In slight challenge to this traditional creole understanding of Junkanoo, Michael Craton – who has written extensively on cultural resistance and performance in the Caribbean – emphasises the African elements more strongly. Drawing connections between Junkanoo and the ‘secret masked societies of the Sierra Leone Wunde and the Ibo Mmo, and the Yoruba Eguugun and Ga Homowo festivals,’ Craton argues that the central masked figure embodies and facilitates spiritual continuity, roots and pride.
Why was Public Opinion so concerned with paying tribute to nineteenth-century Jamaican Christmas traditions? The 1930s, which were home to labour rebellions, the centenary of Emancipation and the outbreak of WW2, saw a surge in anti-colonialism and nationalism. Cultural nationalism – the recovery and promotion of folk traditions – was a critical mode of this movement. Folk traditions, like Junkanoo, were a useful tool in this quest for national history, identity and drive. As Elizabeth Cooper argues, masquerade and stilt-dancing, both key elements of Junkanoo, became ‘centrepieces of anti-colonial and nationalist cultural discourse in the twentieth century.’ In ‘Tales of Old Jamaica,’ Lindo wrote,
‘Today, after more than one hundred years, it seems a pity that most of these old customs and celebrations have almost been lost to us. In certain parts of Jamaica we still have our John Canoes and ‘Masquerades’ but they make a poor showing compared to those of olden days … Perhaps something can be done before it is too late, to recapture these brilliant and merry festivities so that … we do not lose for all time these quaint and invaluable customs.’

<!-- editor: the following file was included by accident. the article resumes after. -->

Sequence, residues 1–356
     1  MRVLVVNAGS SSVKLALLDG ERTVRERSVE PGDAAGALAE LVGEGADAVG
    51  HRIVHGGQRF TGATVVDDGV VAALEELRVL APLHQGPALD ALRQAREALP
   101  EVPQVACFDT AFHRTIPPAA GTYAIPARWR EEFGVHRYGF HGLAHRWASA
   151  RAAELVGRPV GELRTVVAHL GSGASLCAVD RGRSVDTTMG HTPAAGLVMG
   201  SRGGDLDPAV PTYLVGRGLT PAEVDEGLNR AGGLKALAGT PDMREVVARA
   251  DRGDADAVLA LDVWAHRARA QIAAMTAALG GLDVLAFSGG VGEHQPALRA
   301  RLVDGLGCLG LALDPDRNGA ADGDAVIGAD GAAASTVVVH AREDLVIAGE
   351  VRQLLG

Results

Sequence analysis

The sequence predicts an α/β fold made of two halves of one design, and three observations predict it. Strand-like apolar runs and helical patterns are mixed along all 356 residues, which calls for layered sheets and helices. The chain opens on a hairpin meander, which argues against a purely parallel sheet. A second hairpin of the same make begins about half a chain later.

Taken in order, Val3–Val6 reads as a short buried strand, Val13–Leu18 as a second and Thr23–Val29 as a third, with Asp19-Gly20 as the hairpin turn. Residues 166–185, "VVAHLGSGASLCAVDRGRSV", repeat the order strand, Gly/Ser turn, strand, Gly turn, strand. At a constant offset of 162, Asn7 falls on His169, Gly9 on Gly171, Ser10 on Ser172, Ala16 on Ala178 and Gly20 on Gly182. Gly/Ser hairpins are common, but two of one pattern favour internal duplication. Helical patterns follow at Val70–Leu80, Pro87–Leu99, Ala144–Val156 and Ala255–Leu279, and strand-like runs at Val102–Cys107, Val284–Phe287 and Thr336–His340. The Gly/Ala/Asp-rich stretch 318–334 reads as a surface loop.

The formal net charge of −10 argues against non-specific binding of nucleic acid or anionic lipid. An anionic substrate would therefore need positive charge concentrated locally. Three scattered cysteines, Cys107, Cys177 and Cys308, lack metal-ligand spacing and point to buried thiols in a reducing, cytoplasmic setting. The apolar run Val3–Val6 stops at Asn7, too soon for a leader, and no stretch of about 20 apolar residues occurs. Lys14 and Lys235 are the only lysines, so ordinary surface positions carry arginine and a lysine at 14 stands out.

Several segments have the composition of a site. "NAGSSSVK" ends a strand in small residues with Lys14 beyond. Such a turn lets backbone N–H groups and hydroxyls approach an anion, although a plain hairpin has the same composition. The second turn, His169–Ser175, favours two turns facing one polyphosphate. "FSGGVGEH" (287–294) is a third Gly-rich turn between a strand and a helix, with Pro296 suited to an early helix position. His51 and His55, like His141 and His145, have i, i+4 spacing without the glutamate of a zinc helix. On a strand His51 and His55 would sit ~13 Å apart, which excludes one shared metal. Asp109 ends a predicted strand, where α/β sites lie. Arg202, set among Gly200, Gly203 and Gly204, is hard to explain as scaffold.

Portrayed as an ‘invaluable’ but dying black folk tradition, the article was promoting a reinvigoration of a Jamaican folk Christmas.
Moving into the contemporary period and away from Jamaica, Bahamian Junkanoo has retained its vigour and authenticity. With two parades, one on Boxing Day and another of New Year’s Day, the Bahamian festivities attract local and tourist attention. Very much articulated as a performance of African cultural retention and enslaved resistance, Junkanoo is a generator of popular culture, tourist money and, crucially, national pride.
 Public Opinion, 14 December 1940, pp.6-7.
 Public Opinion, 26 March 1938, p.6.
 Michael Craton, ‘Decoding Pitchy-Patchy: The Roots, Branches and Essence of Junkanoo’, Slavery & Abolition, 16 (1995), 14-44 (p.34).
 Elizabeth Cooper, ‘Playing against Empire’, Slavery & Abolition, 39 (2018), 540-557 (p.549).
 Public Opinion, 14 December 1940, pp.6-7.
- Naomi Oppenheim
Naomi Oppenheim is an AHRC Collaborative Doctoral Student at the British Library and UCL. She is researching Caribbean print cultures and the politics of history in post-war Britain.
With apologies to Naomi for the late posting of this post, which was due to a technical problem we were unable to resolve before the Christmas holidays.